7 Benefits of Music Education

1. There is a causal link between music and spatial intelligence (the ability to perceive the world accurately and to form mental pictures of things). This kind of intelligence, by which one can visualize various elements that should go together, is critical to the sort of thinking necessary for everything from solving advanced mathematics problems to being able to pack a book-bag with everything that will be needed for the day.

2. Students of the arts learn to think creatively and to solve problems by imagining various solutions, rejecting outdated rules and assumptions. Questions about the arts do not have only one right answer.

3. In music, a mistake is a mistake; the instrument is in tune or not, the notes are well played or not, the entrance is made or not. It is only by much hard work that a successful performance is possible. Through music study, students learn the value of sustained effort to achieve excellence and the concrete rewards of hard work.

4. Music study enhances teamwork skills and discipline. In order for an orchestra to sound good, all players must work together harmoniously towards a single goal, the performance, and must commit to learning music, attending rehearsals, and practicing.

5. Music provides children with a means of self-expression. Now that there is relative security in the basics of existence, the challenge is to make life meaningful and to reach for a higher stage of development. Everyone needs to be in touch at some time in his life with his core, with what he is and what he feels. Self-esteem is a by-product of this self-expression.

6. Music study develops skills that are necessary in the workplace. It focuses on "doing," as opposed to observing, and teaches students how to perform, literally, anywhere in the world. Employers are looking for multi-dimensional workers with the sort of flexible and supple intellects that music education helps to create as described above. In the music classroom, students can also learn to better communicate and cooperate with one another.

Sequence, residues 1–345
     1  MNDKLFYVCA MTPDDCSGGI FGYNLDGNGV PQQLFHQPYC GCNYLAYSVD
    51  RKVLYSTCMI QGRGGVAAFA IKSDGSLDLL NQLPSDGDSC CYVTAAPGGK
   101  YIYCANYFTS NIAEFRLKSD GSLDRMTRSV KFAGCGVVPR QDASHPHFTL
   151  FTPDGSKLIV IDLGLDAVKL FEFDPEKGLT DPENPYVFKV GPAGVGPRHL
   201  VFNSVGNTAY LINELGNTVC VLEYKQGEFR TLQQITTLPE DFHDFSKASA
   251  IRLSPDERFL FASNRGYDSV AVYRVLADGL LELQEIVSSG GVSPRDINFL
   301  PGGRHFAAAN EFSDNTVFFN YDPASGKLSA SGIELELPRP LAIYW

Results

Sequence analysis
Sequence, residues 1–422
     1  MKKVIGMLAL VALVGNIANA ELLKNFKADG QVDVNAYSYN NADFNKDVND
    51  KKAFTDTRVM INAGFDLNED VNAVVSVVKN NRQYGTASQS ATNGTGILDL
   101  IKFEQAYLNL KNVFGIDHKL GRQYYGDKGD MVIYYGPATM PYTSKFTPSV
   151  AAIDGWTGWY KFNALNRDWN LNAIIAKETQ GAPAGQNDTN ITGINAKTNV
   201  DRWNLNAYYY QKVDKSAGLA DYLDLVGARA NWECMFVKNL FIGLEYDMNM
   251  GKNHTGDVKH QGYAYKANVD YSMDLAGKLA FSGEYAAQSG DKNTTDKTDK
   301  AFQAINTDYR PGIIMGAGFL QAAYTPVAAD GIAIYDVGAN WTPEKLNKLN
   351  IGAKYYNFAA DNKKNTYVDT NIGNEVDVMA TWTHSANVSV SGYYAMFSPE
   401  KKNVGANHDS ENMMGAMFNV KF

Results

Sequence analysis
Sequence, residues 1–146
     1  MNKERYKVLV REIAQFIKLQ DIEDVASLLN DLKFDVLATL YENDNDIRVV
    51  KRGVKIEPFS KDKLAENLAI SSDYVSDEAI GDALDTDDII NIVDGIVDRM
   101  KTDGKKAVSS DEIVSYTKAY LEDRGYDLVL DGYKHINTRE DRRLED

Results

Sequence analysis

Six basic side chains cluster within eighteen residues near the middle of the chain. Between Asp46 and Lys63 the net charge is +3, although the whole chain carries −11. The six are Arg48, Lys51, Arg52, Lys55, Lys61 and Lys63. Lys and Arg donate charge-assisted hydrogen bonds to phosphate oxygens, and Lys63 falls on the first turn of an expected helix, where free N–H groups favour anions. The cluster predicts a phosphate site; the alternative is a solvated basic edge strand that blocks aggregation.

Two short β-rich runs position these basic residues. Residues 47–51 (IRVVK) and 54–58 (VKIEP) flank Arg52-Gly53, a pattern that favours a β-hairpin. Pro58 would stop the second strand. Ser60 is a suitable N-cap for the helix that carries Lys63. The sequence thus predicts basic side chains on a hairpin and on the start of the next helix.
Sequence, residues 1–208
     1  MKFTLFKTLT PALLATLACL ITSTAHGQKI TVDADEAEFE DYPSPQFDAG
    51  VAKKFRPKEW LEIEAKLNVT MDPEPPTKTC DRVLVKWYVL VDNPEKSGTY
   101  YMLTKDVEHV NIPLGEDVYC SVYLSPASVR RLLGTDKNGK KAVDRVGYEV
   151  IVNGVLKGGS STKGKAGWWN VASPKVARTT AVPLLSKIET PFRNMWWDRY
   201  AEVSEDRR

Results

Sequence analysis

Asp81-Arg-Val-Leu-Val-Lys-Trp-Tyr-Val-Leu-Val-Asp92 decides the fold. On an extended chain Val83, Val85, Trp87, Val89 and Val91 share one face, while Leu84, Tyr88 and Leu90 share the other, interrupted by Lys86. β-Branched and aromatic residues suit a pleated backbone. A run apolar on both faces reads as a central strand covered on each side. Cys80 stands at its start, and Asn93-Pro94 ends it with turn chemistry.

7. Music performance teaches young people to conquer fear and to take risks. A little anxiety is a good thing, and something that will occur often in life. Dealing with it early and often makes it less of a problem later. Risk-taking is essential if a child is to fully develop his or her potential. Music contributes to mental health and can help prevent risky behavior such as teenage drug abuse.

Young Children who take music lessons show different brain development and improved memory over the course of a year, compared to children who do not receive musical training. Musically trained children performed better in a memory test that is correlated with general intelligence skills such as literacy, verbal memory, visiospatial processing, mathematics, and IQ.

-Dr. Laurel Trainor, Prof. of Psychology, Neuroscience, and Behavior at McMaster University, 2006

The musician is constantly adjusting decisions on tempo, tone, style, rhythm, phrasing, and feeling – training the brain to become incredibly good at organizing and conducting numerous activities at once. Dedicated practice of this orchestration can have a great payoff for lifelong attention skills, intelligence, and an ability for self-knowledge and expression.

From A User’s Guide to the Brain, May 31, 2003; Ratey, John J., MD Learning and performing music actually exercise the brain – not merely by developing specific music skills, but also by strengthening the synapses between brain cells…What is important is not how well a student plays but rather the simultaneous engagement of senses, muscles, and intellect. Brain scans taken during musical performances show that virtually the entire cerebral cortex is active while musicians are playing. Can you think of better exercise for the mind/brain? In short, making music actively engages the brain synapses, and there is good reason to believe that it increases the brain's capacity by increasing the strengths of connections among neurons. From “The Music in Our Minds,” Educational Leadership, Vol. 56, #3; Norman M. Weinberger

Nearly 100% of past winners in the prestigious Siemens Westinghouse Competition in Math, Science, and Technology (for high School students) play one or more musical instruments. This led the Siemens Foundation to host a recital at Carnegie Hall in 2004, featuring some of these young people. After which a panel of experts debated the nature of the apparent science/music link.

The Midland Chemist (American Chemical Society) Vol. 42, No.1, Feb. 2005 Students consistently involved in orchestra or band during their middle and high school years performed better in math at grade 12. The results were even more pronounced when comparing students from low-income families. Those who were involved in orchestra or band were more than twice as likely to perform at the highest levels in math as their peers who were not involved in music.

From Catterall, James S., Richard Chapleau, and John Iwanaga (2002), “Involvement in the Arts and Human Development: Extending an Analysis of General Associations and Introducing the Special Cases of Intensive Involvement in Music and Theatre Arts.” In R. Deasy (Ed.), Critical Links: Learning in the Arts and Student Achievement and Social Development, Washington, DC: AEP.